The table below summarizes the key physical specs of the two cameras alongside a broader set of comparators. If you would like to visualize and compare a different camera combination, you can navigate to the CAM-parator app and make your selection from a broad list of cameras there.
|1.||Fujifilm X-Pro2||141 mm||83 mm||46 mm||495 g||350||Y||Jan 2016||1,699|
|2.||Sony A7R II||127 mm||96 mm||60 mm||625 g||290||Y||Jun 2015||3,199|
|3.||Canon 6D Mark II||144 mm||111 mm||75 mm||765 g||1200||Y||Jun 2017||1,999|
|4.||Fujifilm X100V||128 mm||75 mm||53 mm||478 g||420||Y||Feb 2020||1,399|
|5.||Fujifilm X-Pro3||141 mm||83 mm||46 mm||497 g||440||Y||Oct 2019||1,799|
|6.||Fujifilm X-T3||133 mm||93 mm||59 mm||539 g||390||Y||Sep 2018||1,499|
|7.||Fujifilm X100F||127 mm||75 mm||52 mm||469 g||390||n||Jan 2017||1,299|
|8.||Fujifilm X-E3||121 mm||74 mm||43 mm||337 g||350||n||Sep 2017||899|
|9.||Fujifilm X-T20||118 mm||83 mm||41 mm||383 g||350||n||Jan 2017||899|
|10.||Fujifilm X-T2||133 mm||92 mm||49 mm||507 g||340||Y||Jul 2016||1,599|
|11.||Fujifilm X-T1||129 mm||90 mm||47 mm||440 g||350||Y||Jan 2014||1,299|
|12.||Fujifilm X-Pro1||140 mm||82 mm||43 mm||450 g||300||n||Jan 2012||1,699|
|13.||Sony A7R III||127 mm||96 mm||74 mm||650 g||650||Y||Oct 2017||3,199|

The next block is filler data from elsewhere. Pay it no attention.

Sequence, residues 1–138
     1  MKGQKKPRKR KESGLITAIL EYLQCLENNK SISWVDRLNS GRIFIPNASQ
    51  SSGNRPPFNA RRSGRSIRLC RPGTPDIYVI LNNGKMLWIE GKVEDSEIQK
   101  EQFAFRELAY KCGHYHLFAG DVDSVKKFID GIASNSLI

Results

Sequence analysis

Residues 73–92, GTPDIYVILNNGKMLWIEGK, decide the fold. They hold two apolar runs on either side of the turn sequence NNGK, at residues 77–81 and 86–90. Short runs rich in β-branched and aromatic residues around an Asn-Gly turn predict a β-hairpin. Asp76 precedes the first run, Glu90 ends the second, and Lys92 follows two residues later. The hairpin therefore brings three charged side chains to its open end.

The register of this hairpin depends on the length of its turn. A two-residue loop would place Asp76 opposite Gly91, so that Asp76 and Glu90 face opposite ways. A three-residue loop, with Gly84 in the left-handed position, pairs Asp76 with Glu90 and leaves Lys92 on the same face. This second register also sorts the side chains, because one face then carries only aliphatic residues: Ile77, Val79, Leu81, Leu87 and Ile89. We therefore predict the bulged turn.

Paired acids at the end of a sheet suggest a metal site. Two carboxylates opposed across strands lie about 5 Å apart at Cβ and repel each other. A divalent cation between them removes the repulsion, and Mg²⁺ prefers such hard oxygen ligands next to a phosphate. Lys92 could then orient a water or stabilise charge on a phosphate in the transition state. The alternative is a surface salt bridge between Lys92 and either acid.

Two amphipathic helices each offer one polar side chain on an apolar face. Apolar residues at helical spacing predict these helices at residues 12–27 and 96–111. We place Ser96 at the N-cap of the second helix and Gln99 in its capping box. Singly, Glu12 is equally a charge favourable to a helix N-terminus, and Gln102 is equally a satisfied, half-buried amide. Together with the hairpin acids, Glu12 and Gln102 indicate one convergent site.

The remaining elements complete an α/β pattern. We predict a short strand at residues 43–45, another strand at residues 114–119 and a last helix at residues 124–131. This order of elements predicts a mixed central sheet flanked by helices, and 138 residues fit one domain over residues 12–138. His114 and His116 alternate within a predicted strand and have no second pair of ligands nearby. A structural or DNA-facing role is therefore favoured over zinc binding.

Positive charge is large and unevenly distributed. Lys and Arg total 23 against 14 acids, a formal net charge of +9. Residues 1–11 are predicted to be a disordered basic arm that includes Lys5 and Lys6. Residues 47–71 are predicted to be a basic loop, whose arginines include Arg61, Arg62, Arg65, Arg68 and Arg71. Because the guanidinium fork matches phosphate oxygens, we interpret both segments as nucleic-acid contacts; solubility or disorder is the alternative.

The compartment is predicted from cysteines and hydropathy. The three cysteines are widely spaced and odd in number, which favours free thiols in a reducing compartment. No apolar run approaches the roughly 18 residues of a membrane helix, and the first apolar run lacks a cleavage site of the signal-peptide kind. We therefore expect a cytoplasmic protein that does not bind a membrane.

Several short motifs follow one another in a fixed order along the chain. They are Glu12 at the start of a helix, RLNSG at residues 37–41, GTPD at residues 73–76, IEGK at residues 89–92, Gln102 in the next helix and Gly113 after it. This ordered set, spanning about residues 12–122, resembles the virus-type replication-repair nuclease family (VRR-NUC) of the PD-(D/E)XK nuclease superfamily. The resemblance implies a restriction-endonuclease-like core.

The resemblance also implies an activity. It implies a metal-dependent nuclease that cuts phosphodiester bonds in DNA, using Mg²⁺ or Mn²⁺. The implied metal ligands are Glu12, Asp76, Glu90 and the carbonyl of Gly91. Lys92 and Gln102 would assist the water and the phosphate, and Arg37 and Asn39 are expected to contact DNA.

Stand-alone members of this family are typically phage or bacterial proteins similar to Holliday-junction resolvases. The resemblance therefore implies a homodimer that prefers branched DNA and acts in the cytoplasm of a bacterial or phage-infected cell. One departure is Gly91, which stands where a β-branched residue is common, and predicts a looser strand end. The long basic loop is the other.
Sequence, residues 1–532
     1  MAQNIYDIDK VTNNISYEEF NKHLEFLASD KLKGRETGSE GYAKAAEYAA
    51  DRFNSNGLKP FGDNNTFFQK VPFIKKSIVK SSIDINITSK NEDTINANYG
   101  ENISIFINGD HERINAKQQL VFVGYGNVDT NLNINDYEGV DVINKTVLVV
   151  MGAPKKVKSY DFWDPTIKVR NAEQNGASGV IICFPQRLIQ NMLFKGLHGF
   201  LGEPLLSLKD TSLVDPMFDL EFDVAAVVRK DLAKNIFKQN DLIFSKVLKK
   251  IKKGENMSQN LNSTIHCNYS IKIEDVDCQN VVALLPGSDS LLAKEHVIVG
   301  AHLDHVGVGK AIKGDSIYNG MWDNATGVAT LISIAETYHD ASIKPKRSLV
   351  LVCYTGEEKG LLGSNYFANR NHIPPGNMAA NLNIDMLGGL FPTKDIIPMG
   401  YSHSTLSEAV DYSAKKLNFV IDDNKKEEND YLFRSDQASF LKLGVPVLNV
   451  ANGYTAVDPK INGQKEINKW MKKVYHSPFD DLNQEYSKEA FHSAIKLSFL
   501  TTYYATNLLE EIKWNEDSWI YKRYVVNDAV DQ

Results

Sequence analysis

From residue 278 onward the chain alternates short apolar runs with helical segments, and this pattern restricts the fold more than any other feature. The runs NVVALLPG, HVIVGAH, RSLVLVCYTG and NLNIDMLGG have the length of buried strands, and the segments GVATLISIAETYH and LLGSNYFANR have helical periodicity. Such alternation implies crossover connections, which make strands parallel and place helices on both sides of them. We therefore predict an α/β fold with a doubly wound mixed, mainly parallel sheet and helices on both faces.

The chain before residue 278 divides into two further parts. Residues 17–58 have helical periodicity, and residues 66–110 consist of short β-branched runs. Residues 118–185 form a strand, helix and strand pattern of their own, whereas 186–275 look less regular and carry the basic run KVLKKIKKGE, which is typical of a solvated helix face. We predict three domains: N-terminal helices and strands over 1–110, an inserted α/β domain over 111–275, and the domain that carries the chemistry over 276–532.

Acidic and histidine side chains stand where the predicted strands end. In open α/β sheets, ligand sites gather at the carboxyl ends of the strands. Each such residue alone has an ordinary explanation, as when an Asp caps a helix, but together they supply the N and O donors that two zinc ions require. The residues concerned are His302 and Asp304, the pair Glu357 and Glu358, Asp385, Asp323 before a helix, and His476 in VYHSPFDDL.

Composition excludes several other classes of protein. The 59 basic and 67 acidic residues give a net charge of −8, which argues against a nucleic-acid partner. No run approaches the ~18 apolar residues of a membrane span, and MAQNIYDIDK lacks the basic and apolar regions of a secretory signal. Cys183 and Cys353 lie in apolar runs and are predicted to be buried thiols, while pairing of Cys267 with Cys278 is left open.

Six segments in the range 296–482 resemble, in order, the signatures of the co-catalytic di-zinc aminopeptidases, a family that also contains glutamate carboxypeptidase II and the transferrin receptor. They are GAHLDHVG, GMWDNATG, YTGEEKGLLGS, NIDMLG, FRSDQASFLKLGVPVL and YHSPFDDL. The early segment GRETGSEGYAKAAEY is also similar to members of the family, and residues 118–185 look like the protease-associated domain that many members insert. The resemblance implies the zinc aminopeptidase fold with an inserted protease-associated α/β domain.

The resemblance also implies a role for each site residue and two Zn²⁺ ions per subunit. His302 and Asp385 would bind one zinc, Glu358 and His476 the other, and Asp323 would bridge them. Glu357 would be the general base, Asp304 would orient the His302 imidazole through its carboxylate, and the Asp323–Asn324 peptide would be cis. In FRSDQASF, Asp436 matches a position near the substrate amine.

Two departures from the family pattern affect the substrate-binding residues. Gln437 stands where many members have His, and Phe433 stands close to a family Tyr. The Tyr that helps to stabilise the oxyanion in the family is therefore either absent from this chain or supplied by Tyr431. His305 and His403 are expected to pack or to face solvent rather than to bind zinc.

|14.||Sony A99 II||143 mm||104 mm||76 mm||849 g||490||Y||Sep 2016||3,199|
|15.||Sony A7S II||127 mm||96 mm||60 mm||627 g||370||Y||Sep 2015||2,999|
|16.||Sony A7 II||127 mm||96 mm||60 mm||599 g||350||Y||Nov 2014||1,999|
|17.||Sony A7R||127 mm||94 mm||48 mm||465 g||340||Y||Oct 2013||2,299|
|Notes: Measurements and pricing do not include easily detachable parts, such as add-on or interchangeable lenses or optional viewfinders.|
Any camera decision will obviously take relative prices into account. The manufacturer’s suggested retail prices give an idea on the placement of the camera in the maker’s lineup and the broader market. The X-Pro2 was launched at a markedly lower price (by 47 percent) than the A7R II, which puts it into a different market segment. Normally, street prices remain initially close to the MSRP, but after a couple of months, the first discounts appear. Later in the product cycle and, in particular, when the replacement model is about to appear, further discounting and stock clearance sales often push the camera price considerably down.
The imaging sensor is at the core of digital cameras and its size is one of the main determining factors of image quality. A large sensor will generally have larger individual pixels that offer better low-light sensitivity, provide wider dynamic range, and have richer color-depth than smaller pixels in a sensor of the same technological generation. Moreover, a large sensor camera will give the photographer more control over depth-of-field in the image and, thus, the ability to better isolate a subject from the background. On the downside, larger sensors tend to be more expensive and lead to bigger and heavier cameras and lenses.